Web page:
For most conspicuous bravery, control and. determination.
During the progress of certain operations, all the Officers of his Company having been shot down, Sjt. Palmer assumed command, and, having cut his way under point blank machine gun fire, through the wire entanglements, he rushed the enemy's trench with six of his men, dislodged the hostile machine gun which had been hampering our advance, and established a block. He then collected men detached from other regiments, and held the barricade for nearly three hours against seven determined counter-attacks, under an incessant barrage of bombs and rifle grenades from his flank, and front.
During his temporary absence in search of more bombs an eighth counter-attack was delivered by tine enemy, who succeeded in driving in his party, and threatened the defences of the whole flank. At this critical moment, although he had been blown off his feet by a bomb and was greatly exhausted, he rallied his men, drove back the enemy and maintained his position. The very conspicuous bravery displayed by this Non-commissioned Officer cannot be overstated, and his splendid determination and devotion to duty undoubtedly averted what might have proved a serious disaster in this sector of the line."
(London Gazette - 3 April 1917)
Lt Palmer was awarded his VC whilst an NCO in Royal Fusiliers for an action near Epehy in France over the 16 and 17 February 1917.
"Capt. (temp. Maj.) Lionel Wilmot Brabazon Rees, R.A. and R.F.C.
For conspicuous gallantry and devotion to duty.
Whilst on flying duties, Major Rees sighted what he thought to be a bombing party of our own machines returning home. He went up to escort them, but on getting nearer discovered they -were a party of enemy machines, about ten in all.
Major Bees was immediately attacked by one of the machines, and after a short encounter it disappeared behind the enemy lines, damaged. Five others then attacked him at long range, but these he dispersed on coming to close quarters, after seriously damaging two of the machines. Seeing two others going westwards, he gave chase to them, but on coming nearer he was wounded in the thigh, causing him to lose temporary control of his machine. He soon righted it, and immediately closed with the enemy, firing at a close-contact range of only a few yards, until all his ammunition was used up. He then returned home, landing his machine safely in our lines."
(London Gazette - 5 August 1916)
Rees remained in the RAF after the war and eventually retired in the rank of Group Captain
William Barnard Rhodes-Moorhouse RFC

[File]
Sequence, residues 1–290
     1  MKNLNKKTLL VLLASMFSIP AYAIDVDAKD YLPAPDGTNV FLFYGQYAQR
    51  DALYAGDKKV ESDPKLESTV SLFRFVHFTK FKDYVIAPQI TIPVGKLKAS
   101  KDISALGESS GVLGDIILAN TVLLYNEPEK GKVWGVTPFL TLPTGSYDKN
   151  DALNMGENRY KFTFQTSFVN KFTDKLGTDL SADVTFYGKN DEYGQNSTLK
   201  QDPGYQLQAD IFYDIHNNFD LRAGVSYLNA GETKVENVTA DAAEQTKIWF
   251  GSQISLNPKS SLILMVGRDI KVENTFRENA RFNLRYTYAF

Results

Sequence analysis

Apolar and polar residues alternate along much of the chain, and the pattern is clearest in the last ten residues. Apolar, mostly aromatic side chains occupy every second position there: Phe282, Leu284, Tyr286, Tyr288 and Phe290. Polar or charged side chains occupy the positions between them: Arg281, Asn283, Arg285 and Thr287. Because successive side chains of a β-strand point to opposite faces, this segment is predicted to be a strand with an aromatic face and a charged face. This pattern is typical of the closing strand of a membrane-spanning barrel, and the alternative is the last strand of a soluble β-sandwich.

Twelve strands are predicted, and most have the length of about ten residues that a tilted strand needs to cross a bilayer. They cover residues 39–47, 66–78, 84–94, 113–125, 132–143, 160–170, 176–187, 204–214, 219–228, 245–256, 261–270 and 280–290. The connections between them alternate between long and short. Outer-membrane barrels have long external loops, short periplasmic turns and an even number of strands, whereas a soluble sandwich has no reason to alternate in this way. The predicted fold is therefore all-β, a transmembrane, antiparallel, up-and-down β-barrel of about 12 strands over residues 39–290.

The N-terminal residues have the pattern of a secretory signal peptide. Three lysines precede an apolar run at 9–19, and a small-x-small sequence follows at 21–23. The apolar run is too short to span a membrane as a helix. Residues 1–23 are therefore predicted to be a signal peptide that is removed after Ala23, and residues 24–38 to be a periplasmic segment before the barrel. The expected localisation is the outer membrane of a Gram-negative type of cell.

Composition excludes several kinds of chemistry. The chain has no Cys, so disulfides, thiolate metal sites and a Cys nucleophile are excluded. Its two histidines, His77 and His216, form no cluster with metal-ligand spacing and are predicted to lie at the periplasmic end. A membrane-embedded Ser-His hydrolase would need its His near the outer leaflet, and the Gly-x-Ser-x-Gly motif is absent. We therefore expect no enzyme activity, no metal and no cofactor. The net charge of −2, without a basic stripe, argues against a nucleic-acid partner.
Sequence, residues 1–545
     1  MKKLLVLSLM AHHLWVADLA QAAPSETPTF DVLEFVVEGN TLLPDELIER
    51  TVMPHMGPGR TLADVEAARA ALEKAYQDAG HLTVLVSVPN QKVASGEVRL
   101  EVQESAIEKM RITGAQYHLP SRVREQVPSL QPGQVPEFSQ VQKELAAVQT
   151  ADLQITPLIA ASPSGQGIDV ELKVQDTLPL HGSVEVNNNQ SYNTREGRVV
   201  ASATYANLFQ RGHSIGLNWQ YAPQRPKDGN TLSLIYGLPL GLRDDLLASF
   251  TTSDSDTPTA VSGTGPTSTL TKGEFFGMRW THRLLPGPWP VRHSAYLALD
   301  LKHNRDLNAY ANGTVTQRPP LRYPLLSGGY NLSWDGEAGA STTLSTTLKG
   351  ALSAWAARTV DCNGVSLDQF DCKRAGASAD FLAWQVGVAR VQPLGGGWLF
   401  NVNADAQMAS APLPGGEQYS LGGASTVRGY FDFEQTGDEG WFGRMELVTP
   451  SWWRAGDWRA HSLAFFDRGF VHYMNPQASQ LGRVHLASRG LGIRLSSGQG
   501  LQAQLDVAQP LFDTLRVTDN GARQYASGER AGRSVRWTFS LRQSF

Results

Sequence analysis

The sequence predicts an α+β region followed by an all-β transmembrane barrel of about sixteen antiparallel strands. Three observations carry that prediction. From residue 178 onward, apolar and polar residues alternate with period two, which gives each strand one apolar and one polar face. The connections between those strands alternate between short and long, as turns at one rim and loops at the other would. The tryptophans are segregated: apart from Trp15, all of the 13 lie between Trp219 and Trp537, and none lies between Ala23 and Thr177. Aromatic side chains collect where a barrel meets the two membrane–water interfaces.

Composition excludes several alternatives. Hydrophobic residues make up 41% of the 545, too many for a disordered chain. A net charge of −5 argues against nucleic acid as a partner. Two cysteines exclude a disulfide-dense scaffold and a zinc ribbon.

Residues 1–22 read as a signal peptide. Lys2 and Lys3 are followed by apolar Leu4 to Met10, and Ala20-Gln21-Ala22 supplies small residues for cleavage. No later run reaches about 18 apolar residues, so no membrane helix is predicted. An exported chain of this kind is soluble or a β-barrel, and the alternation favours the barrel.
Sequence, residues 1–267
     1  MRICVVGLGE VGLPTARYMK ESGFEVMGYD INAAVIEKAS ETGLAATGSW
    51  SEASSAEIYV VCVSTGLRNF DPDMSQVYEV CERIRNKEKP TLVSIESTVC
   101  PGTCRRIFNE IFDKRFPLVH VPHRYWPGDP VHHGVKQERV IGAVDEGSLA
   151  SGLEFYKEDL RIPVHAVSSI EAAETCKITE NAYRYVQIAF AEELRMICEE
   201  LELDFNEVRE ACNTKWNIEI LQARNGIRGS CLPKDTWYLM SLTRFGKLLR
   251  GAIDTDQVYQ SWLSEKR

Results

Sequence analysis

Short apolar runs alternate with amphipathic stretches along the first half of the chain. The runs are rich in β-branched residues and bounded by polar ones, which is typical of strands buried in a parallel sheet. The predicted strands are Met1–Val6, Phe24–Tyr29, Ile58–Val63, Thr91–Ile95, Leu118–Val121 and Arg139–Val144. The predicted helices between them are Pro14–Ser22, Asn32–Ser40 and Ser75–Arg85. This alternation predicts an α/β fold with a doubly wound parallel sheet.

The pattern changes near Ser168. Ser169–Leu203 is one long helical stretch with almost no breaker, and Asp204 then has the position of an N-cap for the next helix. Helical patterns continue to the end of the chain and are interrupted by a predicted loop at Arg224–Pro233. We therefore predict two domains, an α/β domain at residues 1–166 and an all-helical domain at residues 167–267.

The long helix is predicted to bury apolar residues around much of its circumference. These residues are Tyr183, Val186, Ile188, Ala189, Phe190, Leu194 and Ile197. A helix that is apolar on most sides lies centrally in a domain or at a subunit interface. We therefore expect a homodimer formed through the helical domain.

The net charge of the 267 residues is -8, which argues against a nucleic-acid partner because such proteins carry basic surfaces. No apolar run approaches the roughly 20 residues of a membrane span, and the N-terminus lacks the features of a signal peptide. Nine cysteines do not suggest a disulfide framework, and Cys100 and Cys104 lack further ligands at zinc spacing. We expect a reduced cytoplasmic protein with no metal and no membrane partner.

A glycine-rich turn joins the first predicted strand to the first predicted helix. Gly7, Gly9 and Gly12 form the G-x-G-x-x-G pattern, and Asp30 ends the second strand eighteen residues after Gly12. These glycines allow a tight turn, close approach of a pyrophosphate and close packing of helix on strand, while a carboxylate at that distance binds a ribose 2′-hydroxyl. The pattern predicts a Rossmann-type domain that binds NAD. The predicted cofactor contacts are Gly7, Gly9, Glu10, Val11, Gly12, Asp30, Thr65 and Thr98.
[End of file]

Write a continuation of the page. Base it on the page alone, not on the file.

"2nd Lieutenant William Barnard Rhodes-Moorhouse, Special Reserve, Royal Flying Corps.
For most conspicuous bravery on 26th April, 1915, in flying to Courtrai and dropping bombs on the railway line near that station. On starting the return journey he was mortally wounded, but succeeded in flying for 35 miles to his destination, at a very low altitude, and reported the successful accomplishment of his object. He has since died of his wounds."
(London Gazette - 22 May 1915)
This was the first VC awarded to a member of Britain's air services
"His Majesty the KING has been graciously pleased to award the Victoria Cross to the undermentioned Officer:
Lt. William Leefe Robinson, Wore. R. and R.F.C.
For most conspicuous bravery. He attacked an enemy airship under circumstances of great difficulty and danger, and sent it crashing to the ground as a flaming wreck.
He had been in the air for more than two hours, and had previously attacked another "airship during his flight.
(London Gazette - 5 September 1916)
Reginald Alexander John WARNEFORD
"The KING has been graciously pleased to approve of the grant of the Victoria Cross to Flight Sub-Lieutenant Reginald Alexander John Warneford, Royal Naval Air Service, for the conspicuous act of bravery specified below:
For most conspicuous bravery on the 7th June, 1915, when he attacked and, single-handed, completely destroyed a Zeppelin in mid-air. This brilliant achievement was accomplished after chasing the' Zeppelin from the coast of Flanders to Ghent, where he succeeded in dropping his bombs on to it from a height of only one or two hundred feet. One of these bombs caused a terrific explosion which set the Zeppelin on fire from end to end, but at the same time overturned his Aeroplane and stopped the engine. In spite of this he succeeded in landing safely in hostile country, and after 15 minutes started his engine and returned to his base without damage."
(London Gazette - 10 June 1915)
Ferdinand Maurice Felix WEST MC
"Air Ministry, 8th November, 1918.
His Majesty the KING has been graciously pleased to approve of the award of the Victoria Cross to Lieut, (actg. Capt.) Ferdinand Maurice Felix West, M.C., - Royal Air Force (formerly of the Special Reserve, Royal Munster Fusiliers), in recognition of his outstanding bravery in aerial combat.
Captain West, while engaging hostile troops at a low altitude far over the enemy lines, was attacked by seven aircraft. Early in the engagement one of his legs was partially severed by an explosive bullet, and fell powerless into the controls, rendering the machine for the time unmanageable. Lifting his disabled leg, he regained control of the machine, and, although wounded in the other leg, he, with surpassing bravery and devotion to duty, manoeuvred his machine so skilfully that his observer was enabled to get several good bursts into the enemy machines, which drove them away. Captain West then, with rare courage, and determination, desperately wounded as he was, brought his machine over our lines and landed safely. Exhausted by his exertions, he fainted, but on regaining consciousness insisted on writing his report.
(The award of the Military Cross was gazetted on 26th July, 1918)"